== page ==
others-How to solve too many time_wait network connections in linux server?

1. Purpose

In this post, I would demonstrate how to solve too many time_wait network connections problem in linux server?



2. The problem and solution

2.1 The problem

netstat -n | awk '/^tcp/ {++S[$NF]} END {for(a in S) print a, S[a]}'  

TIME_WAIT 4356
CLOSE_WAIT 75
FIN_WAIT1 15
FIN_WAIT2 72
ESTABLISHED 429
CLOSING 1
LAST_ACK 3


2.2 The solution

2.2.1 What is TIME_WAIT status of TCP connection

This problem is caused by the incorrectly set network configurations, The TIME_WAIT state of TCP, also known as the 2MSL waiting state: When one end of TCP initiates an active shutdown (receives a FIN request), after the last ACK response is sent, that is, after the third handshake is completed, the fourth handshake ACK is sent After the package, it enters the TIME_WAIT state


2.2.2 How to solve too many TIME_WAIT problem?

Change your network configuration file ** /etc/sysctl.conf**, add following configurations:

net.ipv4.tcp_tw_reuse = 1
net.ipv4.tcp_tw_recycle = 1
net.ipv4.tcp_fin_timeout = 60
net.ipv4.ip_local_port_range = 10000 65000
net.ipv4.tcp_max_syn_backlog = 8192
net.ipv4.tcp_max_tw_buckets = 10000

When a TCP connection is closed, a delay of 2*MSL in TIME-WAIT state ties up the socket pair for 4 minutes (see Section 3.5 of [Postel81]. Applications built upon TCP that close one connection and open a new one (e.g., an FTP data transfer connection using Stream mode) must choose a new socket pair each time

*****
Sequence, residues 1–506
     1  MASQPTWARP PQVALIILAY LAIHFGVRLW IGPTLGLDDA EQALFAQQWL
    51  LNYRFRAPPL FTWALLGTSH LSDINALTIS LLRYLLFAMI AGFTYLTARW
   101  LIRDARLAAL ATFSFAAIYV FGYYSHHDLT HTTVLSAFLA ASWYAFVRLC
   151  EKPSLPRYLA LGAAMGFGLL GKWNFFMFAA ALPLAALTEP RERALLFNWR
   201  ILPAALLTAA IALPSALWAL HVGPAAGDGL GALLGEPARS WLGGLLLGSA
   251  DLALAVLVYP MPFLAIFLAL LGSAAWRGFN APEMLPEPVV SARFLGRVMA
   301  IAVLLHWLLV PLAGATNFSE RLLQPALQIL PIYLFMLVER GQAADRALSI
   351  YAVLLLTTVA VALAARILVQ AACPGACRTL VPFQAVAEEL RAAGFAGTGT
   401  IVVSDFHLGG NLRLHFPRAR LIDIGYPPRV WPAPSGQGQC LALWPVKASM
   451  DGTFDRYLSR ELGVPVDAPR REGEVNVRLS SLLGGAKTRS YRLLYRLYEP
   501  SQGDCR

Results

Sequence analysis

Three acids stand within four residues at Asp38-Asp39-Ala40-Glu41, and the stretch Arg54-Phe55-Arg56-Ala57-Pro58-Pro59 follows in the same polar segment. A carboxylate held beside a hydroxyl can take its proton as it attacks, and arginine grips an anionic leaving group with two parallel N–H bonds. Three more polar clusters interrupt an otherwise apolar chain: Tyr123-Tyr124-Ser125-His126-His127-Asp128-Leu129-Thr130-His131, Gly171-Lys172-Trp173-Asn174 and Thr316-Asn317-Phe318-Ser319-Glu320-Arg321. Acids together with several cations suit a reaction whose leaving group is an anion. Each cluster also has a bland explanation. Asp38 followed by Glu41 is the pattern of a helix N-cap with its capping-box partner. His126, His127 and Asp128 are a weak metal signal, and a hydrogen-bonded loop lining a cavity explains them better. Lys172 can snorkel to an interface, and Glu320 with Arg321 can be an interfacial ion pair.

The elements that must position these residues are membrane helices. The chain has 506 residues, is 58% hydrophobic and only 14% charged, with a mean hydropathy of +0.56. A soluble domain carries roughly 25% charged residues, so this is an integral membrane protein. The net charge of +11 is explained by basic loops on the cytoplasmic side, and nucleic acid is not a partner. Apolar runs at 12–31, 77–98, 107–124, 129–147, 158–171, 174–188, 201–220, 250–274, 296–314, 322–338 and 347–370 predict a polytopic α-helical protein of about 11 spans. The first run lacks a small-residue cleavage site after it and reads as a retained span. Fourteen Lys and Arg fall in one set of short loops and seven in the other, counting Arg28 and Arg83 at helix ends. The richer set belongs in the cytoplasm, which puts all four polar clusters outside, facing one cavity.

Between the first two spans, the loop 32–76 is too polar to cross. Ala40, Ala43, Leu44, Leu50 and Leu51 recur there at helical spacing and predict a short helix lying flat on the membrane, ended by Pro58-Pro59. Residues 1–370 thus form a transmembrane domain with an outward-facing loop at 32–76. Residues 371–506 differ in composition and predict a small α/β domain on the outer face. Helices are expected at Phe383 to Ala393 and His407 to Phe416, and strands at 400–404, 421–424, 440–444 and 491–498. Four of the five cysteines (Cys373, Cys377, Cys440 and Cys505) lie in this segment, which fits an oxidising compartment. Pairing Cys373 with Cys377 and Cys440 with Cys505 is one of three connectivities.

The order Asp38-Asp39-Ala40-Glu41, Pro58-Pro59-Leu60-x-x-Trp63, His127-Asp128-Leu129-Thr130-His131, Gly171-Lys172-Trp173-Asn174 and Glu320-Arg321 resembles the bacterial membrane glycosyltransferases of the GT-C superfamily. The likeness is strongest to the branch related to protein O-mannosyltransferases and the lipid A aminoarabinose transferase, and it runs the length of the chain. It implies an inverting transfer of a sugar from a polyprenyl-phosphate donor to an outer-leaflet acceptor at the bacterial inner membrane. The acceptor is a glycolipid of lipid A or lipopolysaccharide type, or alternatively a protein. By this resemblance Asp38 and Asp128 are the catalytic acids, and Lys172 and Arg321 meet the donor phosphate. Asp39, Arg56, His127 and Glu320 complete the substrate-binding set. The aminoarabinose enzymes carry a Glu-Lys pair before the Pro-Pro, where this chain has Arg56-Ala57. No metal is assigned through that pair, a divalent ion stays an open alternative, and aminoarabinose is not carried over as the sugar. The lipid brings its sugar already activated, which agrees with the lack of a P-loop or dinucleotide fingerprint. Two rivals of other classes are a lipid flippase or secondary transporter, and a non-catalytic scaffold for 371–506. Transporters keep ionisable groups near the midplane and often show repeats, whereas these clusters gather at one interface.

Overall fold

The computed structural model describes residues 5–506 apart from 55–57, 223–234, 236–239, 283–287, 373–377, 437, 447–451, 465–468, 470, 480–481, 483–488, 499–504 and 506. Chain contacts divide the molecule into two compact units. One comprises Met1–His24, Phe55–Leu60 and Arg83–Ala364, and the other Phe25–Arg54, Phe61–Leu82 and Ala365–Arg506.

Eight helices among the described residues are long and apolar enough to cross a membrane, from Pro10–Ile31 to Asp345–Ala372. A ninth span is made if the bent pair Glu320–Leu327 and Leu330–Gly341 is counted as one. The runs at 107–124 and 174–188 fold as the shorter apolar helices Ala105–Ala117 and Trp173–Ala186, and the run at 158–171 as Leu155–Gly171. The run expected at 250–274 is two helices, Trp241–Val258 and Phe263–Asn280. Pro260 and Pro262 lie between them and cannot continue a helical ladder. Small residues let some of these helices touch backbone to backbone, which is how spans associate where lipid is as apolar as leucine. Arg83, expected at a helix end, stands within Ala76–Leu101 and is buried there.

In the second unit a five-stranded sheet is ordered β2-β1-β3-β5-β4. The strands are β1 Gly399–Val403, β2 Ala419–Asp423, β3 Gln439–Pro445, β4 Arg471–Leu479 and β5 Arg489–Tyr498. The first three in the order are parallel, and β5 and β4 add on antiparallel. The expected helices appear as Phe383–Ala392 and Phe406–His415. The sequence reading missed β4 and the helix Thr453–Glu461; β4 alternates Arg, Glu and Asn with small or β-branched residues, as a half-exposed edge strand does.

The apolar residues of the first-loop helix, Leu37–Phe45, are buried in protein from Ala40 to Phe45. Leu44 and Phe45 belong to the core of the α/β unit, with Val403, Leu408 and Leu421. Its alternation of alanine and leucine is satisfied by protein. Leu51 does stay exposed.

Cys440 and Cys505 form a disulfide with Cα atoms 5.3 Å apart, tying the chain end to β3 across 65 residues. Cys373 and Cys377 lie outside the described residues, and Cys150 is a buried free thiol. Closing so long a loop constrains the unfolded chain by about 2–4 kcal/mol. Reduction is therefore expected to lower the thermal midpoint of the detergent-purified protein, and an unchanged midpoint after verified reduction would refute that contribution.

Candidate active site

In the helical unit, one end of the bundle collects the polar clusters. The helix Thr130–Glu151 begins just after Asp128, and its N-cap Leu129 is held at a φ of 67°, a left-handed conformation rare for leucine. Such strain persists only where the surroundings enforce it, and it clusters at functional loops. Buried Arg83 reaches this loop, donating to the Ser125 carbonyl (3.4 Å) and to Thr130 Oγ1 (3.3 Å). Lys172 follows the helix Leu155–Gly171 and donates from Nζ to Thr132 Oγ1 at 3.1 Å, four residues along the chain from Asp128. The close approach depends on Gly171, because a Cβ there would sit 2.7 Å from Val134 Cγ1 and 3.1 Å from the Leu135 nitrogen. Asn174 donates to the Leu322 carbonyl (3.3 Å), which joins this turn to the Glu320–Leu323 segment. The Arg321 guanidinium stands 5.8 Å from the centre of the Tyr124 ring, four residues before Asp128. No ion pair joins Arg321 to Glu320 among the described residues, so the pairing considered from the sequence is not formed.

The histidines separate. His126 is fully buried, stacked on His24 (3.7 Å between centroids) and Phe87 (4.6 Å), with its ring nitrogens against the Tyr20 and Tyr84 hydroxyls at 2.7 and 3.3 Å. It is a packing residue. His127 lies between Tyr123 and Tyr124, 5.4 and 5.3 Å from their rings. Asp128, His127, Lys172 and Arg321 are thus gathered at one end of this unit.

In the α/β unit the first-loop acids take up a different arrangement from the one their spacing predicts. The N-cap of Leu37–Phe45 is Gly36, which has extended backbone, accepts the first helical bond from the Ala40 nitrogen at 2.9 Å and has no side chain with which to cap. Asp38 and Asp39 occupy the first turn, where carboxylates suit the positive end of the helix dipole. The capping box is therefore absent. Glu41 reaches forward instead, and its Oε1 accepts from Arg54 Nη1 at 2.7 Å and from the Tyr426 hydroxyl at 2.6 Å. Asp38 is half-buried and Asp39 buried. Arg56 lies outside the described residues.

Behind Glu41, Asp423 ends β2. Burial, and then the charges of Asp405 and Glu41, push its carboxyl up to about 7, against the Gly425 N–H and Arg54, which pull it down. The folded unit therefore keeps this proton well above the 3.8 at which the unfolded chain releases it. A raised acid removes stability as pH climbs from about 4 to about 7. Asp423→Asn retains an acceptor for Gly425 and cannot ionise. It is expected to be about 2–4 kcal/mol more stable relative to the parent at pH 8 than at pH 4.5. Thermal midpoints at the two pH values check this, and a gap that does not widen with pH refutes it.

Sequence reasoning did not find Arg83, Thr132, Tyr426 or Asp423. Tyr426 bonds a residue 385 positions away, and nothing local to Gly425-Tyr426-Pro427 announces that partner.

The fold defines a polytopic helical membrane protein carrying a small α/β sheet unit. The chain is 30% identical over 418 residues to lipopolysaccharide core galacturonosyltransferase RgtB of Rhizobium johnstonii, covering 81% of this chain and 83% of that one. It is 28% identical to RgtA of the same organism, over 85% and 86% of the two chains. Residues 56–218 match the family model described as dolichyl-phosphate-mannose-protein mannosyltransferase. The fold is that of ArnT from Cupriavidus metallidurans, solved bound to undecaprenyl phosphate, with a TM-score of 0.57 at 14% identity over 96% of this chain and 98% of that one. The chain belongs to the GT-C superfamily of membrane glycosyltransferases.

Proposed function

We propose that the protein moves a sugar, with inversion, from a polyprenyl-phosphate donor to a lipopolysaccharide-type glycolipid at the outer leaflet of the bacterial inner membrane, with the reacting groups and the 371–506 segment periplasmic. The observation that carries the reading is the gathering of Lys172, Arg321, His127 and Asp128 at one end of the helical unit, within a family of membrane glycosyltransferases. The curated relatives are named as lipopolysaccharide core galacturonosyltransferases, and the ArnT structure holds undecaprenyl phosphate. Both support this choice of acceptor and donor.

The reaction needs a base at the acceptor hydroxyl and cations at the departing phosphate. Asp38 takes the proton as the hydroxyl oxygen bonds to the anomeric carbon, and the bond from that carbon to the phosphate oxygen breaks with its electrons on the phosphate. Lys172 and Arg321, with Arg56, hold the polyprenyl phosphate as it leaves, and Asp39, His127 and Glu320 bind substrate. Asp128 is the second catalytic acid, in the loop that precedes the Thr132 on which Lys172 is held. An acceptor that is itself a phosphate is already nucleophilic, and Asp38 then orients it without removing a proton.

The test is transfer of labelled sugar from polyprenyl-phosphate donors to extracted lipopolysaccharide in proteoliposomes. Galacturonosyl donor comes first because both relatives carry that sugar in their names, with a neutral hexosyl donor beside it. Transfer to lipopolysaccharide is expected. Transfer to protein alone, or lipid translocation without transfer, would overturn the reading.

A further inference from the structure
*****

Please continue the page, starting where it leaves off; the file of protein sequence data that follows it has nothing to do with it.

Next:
According to Linux documentation, you should use the TCP_TW_REUSE flag to allow reusing sockets in TIME_WAIT state for new connections.

It seems to be a good option when dealing with a web server that have to handle many short TCP connections left in a TIME_WAIT state.

As described here, The TCP_TW_RECYCLE could cause some problems when using load balancers.

warning: When recycle is enabled, the server can’t distinguish new incoming connections from different clients behind the same NAT device.

Apply the changes:

sysctl -p

After apply the changes, we got this:

[[email protected] etc]# /opt/bin/print_tcp_by_status.sh
TIME_WAIT 2268
CLOSE_WAIT 21
FIN_WAIT1 8
FIN_WAIT2 70
ESTABLISHED 461
SYN_RECV 2
LAST_ACK 38
[[email protected] etc]# /opt/bin/print_tcp_by_status.sh
TIME_WAIT 2270
CLOSE_WAIT 22
FIN_WAIT1 8
FIN_WAIT2 69
ESTABLISHED 462
LAST_ACK 39
[[email protected] etc]# /opt/bin/print_tcp_by_status.sh
TIME_WAIT 2268
CLOSE_WAIT 24
FIN_WAIT1 6
FIN_WAIT2 84
ESTABLISHED 451
SYN_RECV 1
LAST_ACK 38
[[email protected] etc]# /opt/bin/print_tcp_by_status.sh
TIME_WAIT 60
CLOSE_WAIT 6
FIN_WAIT1 17
FIN_WAIT2 33
ESTABLISHED 426
SYN_RECV 1
LAST_ACK 5


3. Summary

In this post, I demonstrated how to solve the too-many-time_wait-problems in linux servers, the key point is to change your network settings to allow reuse/recycle time_wait connections. That’s it, thanks for your reading.

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